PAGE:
var modal_classes = (this.state.visible)? 'ui small modal transition visible active' : 'ui small modal transition hidden';
    return (
      <div className={modal_classes}>
        <div className="ui center aligned header">Hello</div>
        <div className="content">
          <p>World</p>
        </div>
      </div>
    );
  }
});

var ModalPage = React.createClass({
  getInitialState: function() {
    return {
      visible: false
    };
  },
  componentDidMount: function() {
    var self = this;
    $(window).on('modal.visible', function(ev){
      self.setState({visible: true});
    });
    $(window).on('modal.hidden', function(ev){
      self.setState(self.getInitialState());
    });
  },
  handleClick: function(ev){
    if (ev.target == this.getDOMNode()){
      $(window).trigger('modal.hidden');
    }
  },
  render: function() {
    var modal_classes = (this.state.visible)? 'ui dimmer modals page transition visible active' : 'ui dimmer modals page transition hidden';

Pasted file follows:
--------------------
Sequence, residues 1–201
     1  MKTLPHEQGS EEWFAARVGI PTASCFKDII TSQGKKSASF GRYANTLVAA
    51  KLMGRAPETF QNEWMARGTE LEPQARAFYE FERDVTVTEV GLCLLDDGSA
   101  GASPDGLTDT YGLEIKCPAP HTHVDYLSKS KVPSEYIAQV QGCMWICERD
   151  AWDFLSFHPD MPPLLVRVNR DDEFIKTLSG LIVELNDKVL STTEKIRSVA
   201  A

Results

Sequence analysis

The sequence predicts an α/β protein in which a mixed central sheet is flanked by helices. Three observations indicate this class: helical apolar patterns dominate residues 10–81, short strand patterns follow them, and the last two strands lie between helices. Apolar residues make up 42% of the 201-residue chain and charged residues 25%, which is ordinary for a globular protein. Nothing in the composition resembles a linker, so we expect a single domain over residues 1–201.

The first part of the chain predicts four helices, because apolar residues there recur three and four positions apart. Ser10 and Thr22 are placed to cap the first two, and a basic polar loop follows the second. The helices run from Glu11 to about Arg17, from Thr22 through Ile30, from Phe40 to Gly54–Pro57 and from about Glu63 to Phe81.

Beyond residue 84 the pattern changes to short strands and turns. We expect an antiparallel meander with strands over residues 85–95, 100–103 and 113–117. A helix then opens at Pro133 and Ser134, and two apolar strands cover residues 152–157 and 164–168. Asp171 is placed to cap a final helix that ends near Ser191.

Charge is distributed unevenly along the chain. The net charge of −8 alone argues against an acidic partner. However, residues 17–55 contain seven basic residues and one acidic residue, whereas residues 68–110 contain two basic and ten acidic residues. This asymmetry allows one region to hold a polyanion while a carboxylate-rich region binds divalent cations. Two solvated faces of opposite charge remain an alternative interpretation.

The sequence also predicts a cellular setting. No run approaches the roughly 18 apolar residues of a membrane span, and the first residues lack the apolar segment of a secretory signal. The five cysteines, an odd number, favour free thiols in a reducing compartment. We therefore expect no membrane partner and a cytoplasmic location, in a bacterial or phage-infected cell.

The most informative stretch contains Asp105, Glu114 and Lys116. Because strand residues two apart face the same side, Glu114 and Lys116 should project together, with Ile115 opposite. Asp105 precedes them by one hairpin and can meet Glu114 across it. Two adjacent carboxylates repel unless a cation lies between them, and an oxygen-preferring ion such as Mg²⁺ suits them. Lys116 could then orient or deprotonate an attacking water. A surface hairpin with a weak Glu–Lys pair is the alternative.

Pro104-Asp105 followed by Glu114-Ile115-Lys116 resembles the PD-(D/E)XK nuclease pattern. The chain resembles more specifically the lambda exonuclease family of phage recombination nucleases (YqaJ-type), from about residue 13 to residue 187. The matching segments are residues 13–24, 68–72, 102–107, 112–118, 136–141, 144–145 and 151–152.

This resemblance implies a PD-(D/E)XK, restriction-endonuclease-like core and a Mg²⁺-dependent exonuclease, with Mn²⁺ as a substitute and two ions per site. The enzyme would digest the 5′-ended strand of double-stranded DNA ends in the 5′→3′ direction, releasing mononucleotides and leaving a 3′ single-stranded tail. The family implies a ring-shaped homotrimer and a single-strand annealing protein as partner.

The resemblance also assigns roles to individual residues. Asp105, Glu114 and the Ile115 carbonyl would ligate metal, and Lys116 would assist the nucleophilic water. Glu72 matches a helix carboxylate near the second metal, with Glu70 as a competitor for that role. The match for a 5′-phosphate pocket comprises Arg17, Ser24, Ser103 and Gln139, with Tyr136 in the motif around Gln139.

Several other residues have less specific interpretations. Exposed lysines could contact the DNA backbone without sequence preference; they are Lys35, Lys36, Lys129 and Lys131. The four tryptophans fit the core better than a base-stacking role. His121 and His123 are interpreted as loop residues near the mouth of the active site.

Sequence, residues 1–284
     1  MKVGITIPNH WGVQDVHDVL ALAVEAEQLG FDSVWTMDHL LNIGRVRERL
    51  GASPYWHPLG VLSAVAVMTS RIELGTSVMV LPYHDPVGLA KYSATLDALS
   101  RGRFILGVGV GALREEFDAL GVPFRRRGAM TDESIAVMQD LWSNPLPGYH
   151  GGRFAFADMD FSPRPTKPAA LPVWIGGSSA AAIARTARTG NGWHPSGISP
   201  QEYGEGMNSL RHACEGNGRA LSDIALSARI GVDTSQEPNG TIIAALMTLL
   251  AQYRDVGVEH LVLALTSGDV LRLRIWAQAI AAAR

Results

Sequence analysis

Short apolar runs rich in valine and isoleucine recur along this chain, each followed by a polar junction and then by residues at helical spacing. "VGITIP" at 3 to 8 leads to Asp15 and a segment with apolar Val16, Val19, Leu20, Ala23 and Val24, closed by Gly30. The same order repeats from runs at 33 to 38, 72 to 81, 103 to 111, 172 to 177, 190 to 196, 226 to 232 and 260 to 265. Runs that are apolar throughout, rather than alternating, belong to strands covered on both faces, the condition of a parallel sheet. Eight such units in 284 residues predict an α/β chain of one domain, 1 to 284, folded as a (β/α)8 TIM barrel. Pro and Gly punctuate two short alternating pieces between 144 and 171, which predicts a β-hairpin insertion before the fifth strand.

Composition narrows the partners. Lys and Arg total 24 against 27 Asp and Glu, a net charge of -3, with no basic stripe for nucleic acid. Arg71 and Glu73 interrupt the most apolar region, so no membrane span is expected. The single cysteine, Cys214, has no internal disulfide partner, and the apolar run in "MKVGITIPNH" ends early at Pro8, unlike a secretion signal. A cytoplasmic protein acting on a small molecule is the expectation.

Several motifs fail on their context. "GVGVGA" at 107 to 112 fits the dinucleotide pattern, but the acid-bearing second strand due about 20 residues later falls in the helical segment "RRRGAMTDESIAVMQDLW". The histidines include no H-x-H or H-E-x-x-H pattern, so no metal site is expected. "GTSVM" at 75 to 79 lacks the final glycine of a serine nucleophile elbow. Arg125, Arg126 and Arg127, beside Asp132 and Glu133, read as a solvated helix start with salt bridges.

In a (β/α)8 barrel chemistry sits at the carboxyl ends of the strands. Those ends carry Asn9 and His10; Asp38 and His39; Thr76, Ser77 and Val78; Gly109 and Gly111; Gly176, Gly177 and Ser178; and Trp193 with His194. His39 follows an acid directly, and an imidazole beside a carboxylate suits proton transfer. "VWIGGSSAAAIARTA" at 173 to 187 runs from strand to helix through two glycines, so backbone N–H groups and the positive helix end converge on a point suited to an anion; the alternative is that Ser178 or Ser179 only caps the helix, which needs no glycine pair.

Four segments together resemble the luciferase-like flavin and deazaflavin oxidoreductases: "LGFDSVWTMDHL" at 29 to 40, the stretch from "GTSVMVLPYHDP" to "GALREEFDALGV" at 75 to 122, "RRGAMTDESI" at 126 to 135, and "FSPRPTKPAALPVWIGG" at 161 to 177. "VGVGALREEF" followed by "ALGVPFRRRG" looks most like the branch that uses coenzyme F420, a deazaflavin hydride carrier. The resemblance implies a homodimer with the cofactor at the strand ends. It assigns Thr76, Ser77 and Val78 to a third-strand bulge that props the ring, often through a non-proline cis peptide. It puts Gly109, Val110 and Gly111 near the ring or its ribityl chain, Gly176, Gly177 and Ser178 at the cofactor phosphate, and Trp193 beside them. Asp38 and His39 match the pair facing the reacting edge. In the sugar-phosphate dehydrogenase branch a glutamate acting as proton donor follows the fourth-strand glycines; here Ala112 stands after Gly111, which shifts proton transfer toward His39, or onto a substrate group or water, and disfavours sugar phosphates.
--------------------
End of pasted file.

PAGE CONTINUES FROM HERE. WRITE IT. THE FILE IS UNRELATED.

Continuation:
return (
      <div className={modal_classes} onClick={this.handleClick}>
        <HelloModal />
      </div>
    );
  }
});

var showModal = function(){
  $(window).trigger('modal.visible');
}

$(function(){
  React.render(
    <div>
      <div className="ui teal button" onClick={showModal}>Show Modal</div>
      <ModalPage />
    </div>,
    document.getElementById('app')
  );
});

Ok, that might seem like a bit much, but you’ve got to remember React is not meant for prototyping hello world apps, what might seem like overkill for a single modal, becomes extremely useful when handling thousands of them in real-time across multiple instances of the app.

In any case, here’s the brake-down; our React app has two components:

The modal, which is basically a copy and paste within a React class of the good ol’ HTML we had before.